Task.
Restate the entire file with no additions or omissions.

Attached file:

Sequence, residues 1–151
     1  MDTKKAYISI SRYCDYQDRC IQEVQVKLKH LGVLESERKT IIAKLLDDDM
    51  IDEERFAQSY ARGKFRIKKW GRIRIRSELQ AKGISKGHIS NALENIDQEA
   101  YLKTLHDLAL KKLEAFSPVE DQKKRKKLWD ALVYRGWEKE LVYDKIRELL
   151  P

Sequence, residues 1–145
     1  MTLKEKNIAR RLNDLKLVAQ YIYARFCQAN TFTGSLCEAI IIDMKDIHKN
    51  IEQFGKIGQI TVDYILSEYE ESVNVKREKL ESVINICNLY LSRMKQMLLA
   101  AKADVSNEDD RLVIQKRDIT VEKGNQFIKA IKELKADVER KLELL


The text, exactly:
Sequence, residues 1–151
     1  MDTKKAYISI SRYCDYQDRC IQEVQVKLKH LGVLESERKT IIAKLLDDDM
    51  IDEERFAQSY ARGKFRIKKW GRIRIRSELQ AKGISKGHIS NALENIDQEA
   101  YLKTLHDLAL KKLEAFSPVE DQKKRKKLWD ALVYRGWEKE LVYDKIRELL
   151  P

Sequence, residues 1–145
     1  MTLKEKNIAR RLNDLKLVAQ YIYARFCQAN TFTGSLCEAI IIDMKDIHKN
    51  IEQFGKIGQI TVDYILSEYE ESVNVKREKL ESVINICNLY LSRMKQMLLA
   101  AKADVSNEDD RLVIQKRDIT VEKGNQFIKA IKELKADVER KLELL